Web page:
How To Remove Fleas From Your Pet’s Bedding


Chihuahua sleeping in his bed: photo by Luz.

Fleas love to hide in the warm confines of a pet’s bedding. Not only does this protect them against common predators, such as you, but it also provides them with an easy meal each and every night. When your pet goes down to sleep at night, they’ll immediately be attacked by blood-thirst fleas. This is why it’s important for owners to wash their pet’s bedding on a regular basis.

Why Washing Alone Doesn’t Always Work

Unfortunately, washing a pet’s bedding doesn’t always work. It may kill all the adult fleas, but flea eggs are highly resilient and able to withstand the hot water of a washing machine. Flea eggs are covered in tiny thorn-like protrusions that literally stick to fabrics and pet hair; therefore, washing pet bedding that’s covered in flea eggs may not work.

Vacuum First

Before tossing your pet’s bedding into the washing machine, you should first run over it with a vacuum cleaner. Most fleas will jump out of harm’s way before being sucked up, but flea eggs aren’t so lucky. A quick run with the vacuum cleaner will remove the majority of flea eggs covering your pet’s bedding. Just remember to hold the bedding down so it’s not sucked up into the vacuum cleaner.

When you are finished, empty the contents of the vacuuming cleaner and immediately dispose of it in two separate trash bags. Double-bagging the contents will reduce the chance of fleas making their way back into your home.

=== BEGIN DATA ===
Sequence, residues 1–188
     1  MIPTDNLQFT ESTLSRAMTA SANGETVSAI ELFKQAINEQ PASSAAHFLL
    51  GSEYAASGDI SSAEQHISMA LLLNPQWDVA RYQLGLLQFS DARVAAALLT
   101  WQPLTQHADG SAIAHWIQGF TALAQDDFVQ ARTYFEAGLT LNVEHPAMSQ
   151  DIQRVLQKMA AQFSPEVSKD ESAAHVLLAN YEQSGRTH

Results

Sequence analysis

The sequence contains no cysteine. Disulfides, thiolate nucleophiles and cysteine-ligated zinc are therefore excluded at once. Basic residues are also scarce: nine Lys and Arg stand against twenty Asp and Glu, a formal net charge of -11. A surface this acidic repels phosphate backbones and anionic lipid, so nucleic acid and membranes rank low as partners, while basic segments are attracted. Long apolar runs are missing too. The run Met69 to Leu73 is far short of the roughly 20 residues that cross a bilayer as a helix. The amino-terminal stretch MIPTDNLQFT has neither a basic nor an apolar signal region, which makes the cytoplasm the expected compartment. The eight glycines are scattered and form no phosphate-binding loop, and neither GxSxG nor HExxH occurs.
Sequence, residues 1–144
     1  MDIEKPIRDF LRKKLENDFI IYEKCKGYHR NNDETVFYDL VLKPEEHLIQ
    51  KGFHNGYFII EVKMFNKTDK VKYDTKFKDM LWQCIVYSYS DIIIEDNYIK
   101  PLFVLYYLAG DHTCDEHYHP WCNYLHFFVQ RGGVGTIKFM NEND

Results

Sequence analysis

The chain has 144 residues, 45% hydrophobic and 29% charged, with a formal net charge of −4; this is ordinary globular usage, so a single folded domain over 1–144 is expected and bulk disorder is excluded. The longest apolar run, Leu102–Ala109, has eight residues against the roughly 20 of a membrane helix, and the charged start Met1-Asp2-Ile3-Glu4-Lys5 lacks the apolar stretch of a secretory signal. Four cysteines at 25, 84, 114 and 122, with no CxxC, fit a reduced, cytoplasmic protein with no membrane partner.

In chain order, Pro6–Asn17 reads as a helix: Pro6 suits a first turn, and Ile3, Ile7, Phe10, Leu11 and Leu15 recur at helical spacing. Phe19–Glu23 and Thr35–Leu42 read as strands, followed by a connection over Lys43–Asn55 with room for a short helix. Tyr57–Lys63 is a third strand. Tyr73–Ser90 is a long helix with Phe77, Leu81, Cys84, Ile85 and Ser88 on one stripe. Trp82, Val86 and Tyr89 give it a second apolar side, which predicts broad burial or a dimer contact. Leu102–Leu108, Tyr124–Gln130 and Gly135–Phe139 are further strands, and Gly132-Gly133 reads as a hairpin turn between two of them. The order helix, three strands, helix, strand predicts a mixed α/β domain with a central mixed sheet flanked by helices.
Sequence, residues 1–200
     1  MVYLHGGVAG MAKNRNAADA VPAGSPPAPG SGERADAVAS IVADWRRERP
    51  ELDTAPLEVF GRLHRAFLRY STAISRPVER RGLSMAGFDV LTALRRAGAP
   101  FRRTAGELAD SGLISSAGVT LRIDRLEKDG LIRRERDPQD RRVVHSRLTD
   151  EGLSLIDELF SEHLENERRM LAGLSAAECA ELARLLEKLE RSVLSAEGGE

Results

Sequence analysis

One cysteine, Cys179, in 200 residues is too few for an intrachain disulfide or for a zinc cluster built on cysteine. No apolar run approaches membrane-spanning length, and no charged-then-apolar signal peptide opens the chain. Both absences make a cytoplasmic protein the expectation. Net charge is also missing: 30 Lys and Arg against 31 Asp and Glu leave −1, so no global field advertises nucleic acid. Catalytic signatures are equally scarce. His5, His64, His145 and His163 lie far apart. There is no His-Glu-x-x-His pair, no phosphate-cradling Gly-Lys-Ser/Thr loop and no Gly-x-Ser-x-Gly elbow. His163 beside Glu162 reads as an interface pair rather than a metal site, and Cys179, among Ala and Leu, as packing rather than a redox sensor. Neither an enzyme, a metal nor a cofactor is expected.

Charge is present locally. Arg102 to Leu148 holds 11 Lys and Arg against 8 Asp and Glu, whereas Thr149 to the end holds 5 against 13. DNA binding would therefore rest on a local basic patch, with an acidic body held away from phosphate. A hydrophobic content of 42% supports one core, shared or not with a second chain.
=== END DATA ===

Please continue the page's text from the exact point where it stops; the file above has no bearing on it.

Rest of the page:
Washing Your Pet’s Bedding

Take your pet’s bedding and place it inside the washing machine in a separate load (note: don’t attempt to wash your pet’s bedding with your clothes, garments or bed sheets). To effectively kill the fleas lingering inside their bedding, it’s recommended that you wash it on the hottest setting possible. Hot water will help kill and flush away adult fleas and larvae.

You can also add a kick of flea treatment power by using white vinegar in the wash. Take a quarter cup of white vinegar and pour it inside the basket before turning the washing machine on. The highly acidic nature of vinegar will kill fleas while leaving your pet’s bedding smelling nice and clean. Some people prefer to use bleach, but you always run the risk of ruining the fabric’s color when using bleach.

Are you struggling with a flea infestation in your home? We’d love to hear about it in the comments section below!